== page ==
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Visions of Mars: Essays on the Red Planet in Fiction and Science
Edited by Howard V. Hendrix, George Slusser and Eric S. Rabkin
Cover Artist: Front Cover: Mars as seen from the Viking 1 Orbiter on 07/11/1976 (NASA);
inset: Cover art by Frank Schoonover from 1917 edition of A Princess of Mars;
Back cover Plate 1 from the 1895 edition of Mars by Percival Lowell.
Review by Linda Marie Schumacher
McFarland & Company Hardcover  ISBN/ITEM#: 9780786459148
Date: 31 July 2011 List Price $49.95 Amazon US / Amazon UK / Show Official Info /

Visions of Mars is a collection of non-fiction works about an object that has fascinated people on Earth as long as people have been on Earth. The object is the planet Mars. The collection includes information on scientific discoveries about Mars, discussion about how writers used Mars in their works, and how Mars fits into science fiction.

Visions of Mars: Essays on the Red Planet in Fiction and Science is a heavy-duty non-fiction collection of essays about the planet Mars. It is not a light read or something that you can read, "On the fly", but it provides a great perspective of how our modern culture is affected by literature about Mars.

My son is a history student and one of the things he has studied is how modern inventions influence and reflect our culture. Visions of Mars would be an excellent text book for a similar book concerning how Mars research and discovery affects our culture and conversely, how our culture and public opinion influence Mars research. Howard W. Hendrix, one of the editors of Visions of Mars, writes an introduction to the volume of essays that illustrates this point: will find examinations of how these ...stories reflect the concerns of their authors and the cultural concerns of the times and places in which those authors wrote.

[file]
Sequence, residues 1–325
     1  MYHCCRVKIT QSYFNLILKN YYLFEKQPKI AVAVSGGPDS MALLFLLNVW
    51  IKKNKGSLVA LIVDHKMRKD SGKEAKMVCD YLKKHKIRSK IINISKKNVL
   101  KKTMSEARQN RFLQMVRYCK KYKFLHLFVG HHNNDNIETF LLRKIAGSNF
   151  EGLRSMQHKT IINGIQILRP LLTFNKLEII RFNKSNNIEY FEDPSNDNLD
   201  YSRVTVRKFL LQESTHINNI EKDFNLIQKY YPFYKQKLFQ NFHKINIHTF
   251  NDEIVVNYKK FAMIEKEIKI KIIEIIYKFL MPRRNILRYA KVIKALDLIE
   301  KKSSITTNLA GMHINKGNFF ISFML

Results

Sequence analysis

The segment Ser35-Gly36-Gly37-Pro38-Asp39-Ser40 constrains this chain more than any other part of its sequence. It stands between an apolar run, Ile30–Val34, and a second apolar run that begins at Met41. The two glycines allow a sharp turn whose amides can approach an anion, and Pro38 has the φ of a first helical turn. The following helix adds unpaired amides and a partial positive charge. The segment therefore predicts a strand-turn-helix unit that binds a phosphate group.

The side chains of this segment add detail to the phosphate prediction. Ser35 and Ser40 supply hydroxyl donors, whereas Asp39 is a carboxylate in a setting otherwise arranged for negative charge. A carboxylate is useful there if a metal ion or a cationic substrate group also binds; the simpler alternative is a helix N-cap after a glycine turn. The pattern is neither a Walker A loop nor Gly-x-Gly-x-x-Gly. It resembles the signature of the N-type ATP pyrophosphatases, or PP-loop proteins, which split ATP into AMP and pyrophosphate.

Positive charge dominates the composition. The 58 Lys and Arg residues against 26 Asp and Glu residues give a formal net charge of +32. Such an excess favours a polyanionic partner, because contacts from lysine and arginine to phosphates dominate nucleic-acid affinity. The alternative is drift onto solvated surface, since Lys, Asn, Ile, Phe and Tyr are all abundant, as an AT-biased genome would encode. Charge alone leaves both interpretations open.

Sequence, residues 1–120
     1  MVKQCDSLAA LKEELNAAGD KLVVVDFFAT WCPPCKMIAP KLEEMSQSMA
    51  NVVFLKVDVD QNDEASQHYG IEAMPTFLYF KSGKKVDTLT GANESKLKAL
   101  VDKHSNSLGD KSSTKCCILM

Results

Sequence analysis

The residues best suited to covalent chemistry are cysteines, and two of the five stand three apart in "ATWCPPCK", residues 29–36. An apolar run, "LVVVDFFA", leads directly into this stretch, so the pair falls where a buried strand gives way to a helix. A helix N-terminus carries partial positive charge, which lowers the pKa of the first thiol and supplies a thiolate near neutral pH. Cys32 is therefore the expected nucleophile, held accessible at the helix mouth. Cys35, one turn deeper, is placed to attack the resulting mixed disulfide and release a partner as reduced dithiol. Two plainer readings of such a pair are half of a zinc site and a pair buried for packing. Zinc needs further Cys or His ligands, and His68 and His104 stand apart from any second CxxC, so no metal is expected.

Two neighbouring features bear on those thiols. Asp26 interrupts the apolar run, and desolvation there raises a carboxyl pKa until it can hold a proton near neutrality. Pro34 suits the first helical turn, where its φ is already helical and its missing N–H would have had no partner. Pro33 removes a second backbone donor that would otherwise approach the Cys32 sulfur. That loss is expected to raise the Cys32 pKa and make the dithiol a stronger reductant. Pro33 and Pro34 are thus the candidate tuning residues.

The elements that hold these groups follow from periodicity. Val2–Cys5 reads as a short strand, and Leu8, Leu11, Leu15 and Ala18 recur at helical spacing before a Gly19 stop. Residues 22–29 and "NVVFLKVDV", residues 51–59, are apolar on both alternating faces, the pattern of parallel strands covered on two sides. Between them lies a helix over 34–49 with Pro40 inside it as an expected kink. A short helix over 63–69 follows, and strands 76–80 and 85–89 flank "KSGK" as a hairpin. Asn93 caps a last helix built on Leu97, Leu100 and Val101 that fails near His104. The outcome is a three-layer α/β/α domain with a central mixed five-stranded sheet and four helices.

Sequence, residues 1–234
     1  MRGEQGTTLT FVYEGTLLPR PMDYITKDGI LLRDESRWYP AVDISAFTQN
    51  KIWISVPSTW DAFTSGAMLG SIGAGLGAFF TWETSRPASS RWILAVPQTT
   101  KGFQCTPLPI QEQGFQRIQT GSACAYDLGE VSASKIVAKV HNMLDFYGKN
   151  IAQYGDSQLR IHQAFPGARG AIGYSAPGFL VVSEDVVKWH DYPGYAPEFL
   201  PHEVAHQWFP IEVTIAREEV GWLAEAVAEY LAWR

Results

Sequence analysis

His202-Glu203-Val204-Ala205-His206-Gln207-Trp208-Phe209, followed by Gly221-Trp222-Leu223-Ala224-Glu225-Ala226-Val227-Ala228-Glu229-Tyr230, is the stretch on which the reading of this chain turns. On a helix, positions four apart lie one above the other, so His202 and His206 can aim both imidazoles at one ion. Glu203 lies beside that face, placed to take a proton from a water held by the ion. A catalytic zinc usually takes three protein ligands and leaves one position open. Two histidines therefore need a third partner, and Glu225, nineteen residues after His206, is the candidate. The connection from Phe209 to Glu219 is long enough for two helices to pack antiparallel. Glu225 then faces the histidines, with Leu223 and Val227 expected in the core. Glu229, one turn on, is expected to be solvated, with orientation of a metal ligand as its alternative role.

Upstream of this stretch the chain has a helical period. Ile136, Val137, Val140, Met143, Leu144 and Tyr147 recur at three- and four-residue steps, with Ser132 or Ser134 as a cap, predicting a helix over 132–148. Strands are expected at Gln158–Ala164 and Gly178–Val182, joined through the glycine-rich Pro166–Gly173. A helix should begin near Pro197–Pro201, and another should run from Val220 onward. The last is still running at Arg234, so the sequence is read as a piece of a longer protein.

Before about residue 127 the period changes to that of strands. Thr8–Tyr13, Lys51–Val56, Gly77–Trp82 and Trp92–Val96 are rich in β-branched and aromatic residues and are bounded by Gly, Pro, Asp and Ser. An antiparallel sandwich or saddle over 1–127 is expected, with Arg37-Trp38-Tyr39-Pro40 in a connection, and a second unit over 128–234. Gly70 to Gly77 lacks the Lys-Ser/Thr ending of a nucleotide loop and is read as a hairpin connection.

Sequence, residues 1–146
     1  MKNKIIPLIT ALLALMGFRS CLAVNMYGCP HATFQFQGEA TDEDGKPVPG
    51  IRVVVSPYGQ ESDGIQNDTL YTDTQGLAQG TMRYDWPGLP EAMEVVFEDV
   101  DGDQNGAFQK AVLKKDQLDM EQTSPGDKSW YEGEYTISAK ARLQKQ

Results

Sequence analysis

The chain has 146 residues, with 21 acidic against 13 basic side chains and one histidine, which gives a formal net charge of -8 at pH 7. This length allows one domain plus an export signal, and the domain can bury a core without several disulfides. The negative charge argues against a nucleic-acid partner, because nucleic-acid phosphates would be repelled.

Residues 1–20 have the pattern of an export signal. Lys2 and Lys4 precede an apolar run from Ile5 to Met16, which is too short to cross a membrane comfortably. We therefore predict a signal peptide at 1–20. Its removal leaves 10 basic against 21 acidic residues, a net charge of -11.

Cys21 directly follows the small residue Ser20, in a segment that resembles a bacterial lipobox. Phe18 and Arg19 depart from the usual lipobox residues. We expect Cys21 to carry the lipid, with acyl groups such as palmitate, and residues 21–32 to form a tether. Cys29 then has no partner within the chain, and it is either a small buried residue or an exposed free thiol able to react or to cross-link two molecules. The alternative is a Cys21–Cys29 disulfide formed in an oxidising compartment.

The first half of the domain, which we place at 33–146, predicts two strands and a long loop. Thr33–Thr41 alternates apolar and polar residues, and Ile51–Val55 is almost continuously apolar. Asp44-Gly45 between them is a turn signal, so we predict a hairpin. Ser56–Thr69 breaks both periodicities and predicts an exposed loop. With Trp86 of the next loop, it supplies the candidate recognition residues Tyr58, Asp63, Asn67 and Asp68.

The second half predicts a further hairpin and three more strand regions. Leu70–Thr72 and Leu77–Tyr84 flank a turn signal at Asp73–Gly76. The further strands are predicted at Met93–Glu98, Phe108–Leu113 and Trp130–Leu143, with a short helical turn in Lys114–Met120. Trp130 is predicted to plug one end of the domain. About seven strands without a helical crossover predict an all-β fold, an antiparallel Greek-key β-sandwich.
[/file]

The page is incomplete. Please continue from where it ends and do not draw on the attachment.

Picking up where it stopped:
One of the most interesting things I found in Visions of Mars is how other countries view Mars in their literature and how it affects culture. I like to think that I am a student of the world, and that learning about other cultures helps me to better understand myself. Visions of Mars helps me do that. Another quote from the editor Howard W. Hendrix illustrates this point:
...the evolving texts of the Mars literary tradition in science fiction mirror our current situation, in which the extreme and exotic environments we continue to search out on Earth--as stand-ins for another world--prepare us not only for a fuller, on-site understanding of the other world, but also work toward the preservation of the world in which we already dwell.
For the details, Visions of Mars is divided into three sections:
  1. "Approaching Mars” offers a brief history of the scientific discoveries that have brought Mars to our attention.
  2. "The Uses of Mars" offers individual examples of how writer's have used Mars to project their visions of humanity’s future.
  3. "Science and Fictional Mars" offers two essays that broadly analyze the Martian phenomenon in science fiction.
After all my opinions and quotes, you probably think, "Why would a casual reader want to read this book?" The answer is simple--perspective. It is not a light read, but it has great references and perspectives. A casual reader can pick and choose the essays he wants to read if the whole book is too much. If he wants to read fiction, see movies, etc. about Mars, the essays in Visions of Mars provide many citations (including a full bibliography) that can be used as a great reference list for further media.

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